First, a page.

The new computer system should prevent firefighters from taking conflicting assignments, officials said.


    A typical Miami-Dade firefighter works a 24-hour shift followed by two days off - leaving opportunities to work overtime or do off-duty jobs.

    The fire department organizes off-duty jobs through its Special Events Bureau, although private companies typically pay the costs. The exceptions: Fire watches at county buildings are paid for by taxpayers - at firefighters' overtime rates.

    But in 23 instances, records show, off-duty pay was at least doubled by county-paid overtime for firefighters, after the same timecards went to both the Special Events Bureau and the firefighters' regular supervisors. As a result, the firefighters were paid twice.

    On Nov. 19, for example, firefighter Gerard Wach took home $582 in off-duty pay after spending 141/2 hours on the set of the film Miami Vice. Taxpayers paid him another $582 in overtime, the department acknowledged.

    "This individual was overcompensated, " said Maria Reyes, a department manager.

    Wach did not respond to a request for comment.

    Van Meter, who supervises the off-duty program, said no firefighters ever came forward to report overpayments. But because overtime and off-duty payments often take weeks to be processed, those firefighters may not have realized they were paid twice, he said.

    No one at the fire department noticed, either.

    While off-duty records are compiled in a computer database, the database is incomplete, missing the names of the thousands of firefighters who worked off-duty shifts. Not that it matters: The database isn't connected to the payroll system, anyway.

    "The right hand isn't talking to the left hand, " said Stan Hills, president of the Miami-Dade chapter of the International Association of Fire Fighters.

    That's why nobody noticed when firefighter James Perdomo was paid to work two different jobs at the same time on Feb. 28, 2003.

    Log books and fire department payroll records from that day show that Perdomo was on a 24-hour shift at an airport fire station.

    But Perdomo was also signed up to work a fire-watch shift at the Homestead Miami Speedway, records show.

    The speedway paid $239 for Perdomo's 11 hours.

    Perdomo said he remembers the race and is sure that he swapped his regular shift with a co-worker. He said his private calendar shows the word "work" scratched out on that date and the words "Homestead motor sport" written in.

    No swap is reflected in the station log, as was the usual practice.

    "I've never cheated the county; I've never double-dipped, " Perdomo said. "I'm sure as hell not going to jeopardize a career for one day."

    Shift exchanges happen frequently. Many are documented, but others are done informally between friends.

    Firefighters in that situation are "paid twice for the same day, but it's not inappropriate, " said Assistant Chief Carlos Castillo. "Another day, he will work and not get paid." Castillo said the undocumented swaps depend on the honor system. If a firefighter doesn't return the favor, others won't work for him.

    Available records indicate that firefighters were paid for off-duty assignments while also on regular duty 16 other times in the past five years.

    Fire officials declined to answer specific questions about those discrepancies. In a written statement, they said previous Miami Herald stories about the department's fire-watch program were "inaccurate and misleading." The department did not respond when asked for examples of specific errors.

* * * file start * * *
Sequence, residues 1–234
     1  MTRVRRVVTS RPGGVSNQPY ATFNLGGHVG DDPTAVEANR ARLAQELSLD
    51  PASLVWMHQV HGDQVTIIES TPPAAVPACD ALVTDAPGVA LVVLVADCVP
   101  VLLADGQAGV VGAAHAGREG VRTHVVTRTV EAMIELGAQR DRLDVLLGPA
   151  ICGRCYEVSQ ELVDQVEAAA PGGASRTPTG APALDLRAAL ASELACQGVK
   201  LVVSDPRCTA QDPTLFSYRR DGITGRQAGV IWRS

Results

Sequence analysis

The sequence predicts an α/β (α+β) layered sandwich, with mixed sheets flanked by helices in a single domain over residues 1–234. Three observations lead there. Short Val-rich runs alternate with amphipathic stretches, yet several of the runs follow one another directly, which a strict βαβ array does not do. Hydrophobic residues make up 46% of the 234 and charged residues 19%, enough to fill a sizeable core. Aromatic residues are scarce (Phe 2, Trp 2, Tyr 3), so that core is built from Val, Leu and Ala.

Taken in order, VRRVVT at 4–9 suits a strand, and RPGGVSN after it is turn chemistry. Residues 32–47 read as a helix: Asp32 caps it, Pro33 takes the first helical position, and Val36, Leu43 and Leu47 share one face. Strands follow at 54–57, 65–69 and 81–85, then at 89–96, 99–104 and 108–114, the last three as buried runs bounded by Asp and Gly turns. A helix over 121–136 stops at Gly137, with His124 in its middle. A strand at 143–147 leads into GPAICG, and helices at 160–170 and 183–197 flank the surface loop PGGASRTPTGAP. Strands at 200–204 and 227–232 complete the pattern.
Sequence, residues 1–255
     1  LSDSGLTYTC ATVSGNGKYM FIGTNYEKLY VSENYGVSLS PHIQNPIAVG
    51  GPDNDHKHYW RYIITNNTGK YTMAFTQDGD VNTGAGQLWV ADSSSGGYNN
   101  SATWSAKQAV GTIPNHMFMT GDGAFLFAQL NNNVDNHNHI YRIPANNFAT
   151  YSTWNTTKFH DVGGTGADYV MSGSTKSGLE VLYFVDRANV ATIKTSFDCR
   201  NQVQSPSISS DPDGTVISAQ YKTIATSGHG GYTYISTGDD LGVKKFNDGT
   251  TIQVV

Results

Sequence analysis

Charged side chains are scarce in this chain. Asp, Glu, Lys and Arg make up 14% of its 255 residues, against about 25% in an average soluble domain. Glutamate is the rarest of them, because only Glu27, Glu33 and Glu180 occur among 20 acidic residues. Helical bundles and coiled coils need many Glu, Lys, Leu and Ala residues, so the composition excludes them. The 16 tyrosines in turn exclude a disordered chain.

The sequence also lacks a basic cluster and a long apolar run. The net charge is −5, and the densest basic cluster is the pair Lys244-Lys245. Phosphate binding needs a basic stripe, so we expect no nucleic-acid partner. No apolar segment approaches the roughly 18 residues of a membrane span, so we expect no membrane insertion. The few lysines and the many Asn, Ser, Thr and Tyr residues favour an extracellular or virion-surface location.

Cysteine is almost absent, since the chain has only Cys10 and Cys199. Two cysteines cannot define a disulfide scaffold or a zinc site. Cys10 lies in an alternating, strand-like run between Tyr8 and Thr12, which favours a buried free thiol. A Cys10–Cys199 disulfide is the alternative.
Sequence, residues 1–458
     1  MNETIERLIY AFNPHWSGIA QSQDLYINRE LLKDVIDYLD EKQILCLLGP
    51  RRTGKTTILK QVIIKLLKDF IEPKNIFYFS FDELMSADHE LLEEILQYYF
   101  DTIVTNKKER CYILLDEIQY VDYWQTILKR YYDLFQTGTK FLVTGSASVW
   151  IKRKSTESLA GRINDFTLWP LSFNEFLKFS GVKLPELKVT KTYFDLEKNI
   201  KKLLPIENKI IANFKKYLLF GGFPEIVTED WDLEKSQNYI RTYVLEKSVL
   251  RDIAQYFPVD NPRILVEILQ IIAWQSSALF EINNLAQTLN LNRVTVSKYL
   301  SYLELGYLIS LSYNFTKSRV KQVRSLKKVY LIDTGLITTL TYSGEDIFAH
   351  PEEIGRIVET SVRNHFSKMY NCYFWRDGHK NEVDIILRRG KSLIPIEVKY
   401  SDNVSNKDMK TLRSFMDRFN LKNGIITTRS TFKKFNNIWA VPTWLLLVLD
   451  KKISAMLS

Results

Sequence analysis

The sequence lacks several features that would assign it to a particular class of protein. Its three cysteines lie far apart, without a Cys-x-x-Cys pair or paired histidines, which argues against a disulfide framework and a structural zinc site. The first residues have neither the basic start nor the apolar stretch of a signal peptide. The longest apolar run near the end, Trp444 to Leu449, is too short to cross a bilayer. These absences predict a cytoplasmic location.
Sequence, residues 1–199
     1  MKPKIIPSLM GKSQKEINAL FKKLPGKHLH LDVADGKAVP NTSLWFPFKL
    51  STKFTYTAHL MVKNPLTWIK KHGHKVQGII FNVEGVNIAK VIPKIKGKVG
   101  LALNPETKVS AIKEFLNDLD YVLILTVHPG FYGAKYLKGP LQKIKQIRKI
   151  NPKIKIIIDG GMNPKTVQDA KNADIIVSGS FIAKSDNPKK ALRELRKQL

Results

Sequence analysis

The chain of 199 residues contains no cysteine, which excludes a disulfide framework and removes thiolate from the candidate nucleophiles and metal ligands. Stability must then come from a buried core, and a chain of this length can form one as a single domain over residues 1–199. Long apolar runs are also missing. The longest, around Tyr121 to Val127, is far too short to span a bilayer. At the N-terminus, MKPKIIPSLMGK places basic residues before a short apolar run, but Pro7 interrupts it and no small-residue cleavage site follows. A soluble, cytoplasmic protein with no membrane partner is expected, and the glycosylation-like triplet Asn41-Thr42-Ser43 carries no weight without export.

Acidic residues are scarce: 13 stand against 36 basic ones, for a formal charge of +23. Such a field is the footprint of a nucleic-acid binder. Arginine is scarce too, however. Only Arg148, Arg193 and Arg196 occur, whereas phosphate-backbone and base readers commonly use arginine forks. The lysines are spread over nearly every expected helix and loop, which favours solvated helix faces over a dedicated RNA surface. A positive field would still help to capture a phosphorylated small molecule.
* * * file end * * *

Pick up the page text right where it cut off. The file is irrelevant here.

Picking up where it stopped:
Miami-Dade Fire Rescue says that only its own firefighters can perform fire watches at buildings with failing fire alarms. This sets Miami-Dade apart from many cities across the country and in South Florida, where private security guards do the work instead, often at a lower cost to property owners.

    Although Miami-Dade officials insist their policy is the safest, they currently make no effort to limit the number of hours that firefighters can work on fire watch.

    Firefighter Antonio Rivera, for example, was on the clock for 99 straight hours starting Christmas morning, records show.

    He first spent 48 hours on fire watches at two North Miami-Dade condominiums before starting a 24-hour shift at a fire station. Then he immediately worked 27 more hours of fire watch at another condo in North Bay Village, records show.

    In a little more than four days, Rivera earned $3,077 on top of his regular pay, records show. Rivera did not respond to a request for comment.

    In a 2001 report, county Auditor Cathy Jackson said firefighters "posed safety risks" by working long hours on fire watch.

    "Although there are no safety regulations restricting the number of consecutive hours that firefighters can work, it is not physically feasible to maintain the required alertness for extended hours, " Jackson wrote.

    In response, former Fire Chief Charles Phillips promised to enforce a fire department regulation limiting fire-watch shifts to no more than 12 hours before or after a firefighter's regular 24-hour shift.

    "All personnel hired to work firewatch will be formally ordered to maintain a wakeful watch, " Phillips wrote in December 2001. "Anyone found in violation of this order will be subject to disciplinary action."

    Two current fire officials told The Miami Herald they didn't know about that hours limit, approved by former Fire Chief David Paulison in 1999.

    Regardless, Deputy Fire Chief Al Suarez said last month, the policy is unenforceable: Under the firefighters' union contract, firefighters can't be prevented from working, he said.

    "I can't do anything about limiting the number of hours, " he said. "We have to live with that."

    Last week, Lorenzo said in a written statement that the department is considering a stricter policy. And Hills, the union president, said fire-watch hours must be curbed.

    The fire department "can't tell you not to work, but you can't show up unfit for duty, " Hills said. "We have people who have pushed the limits, and we've got to do something about that."

    Miami Herald staff writer Tim Henderson contributed to this report.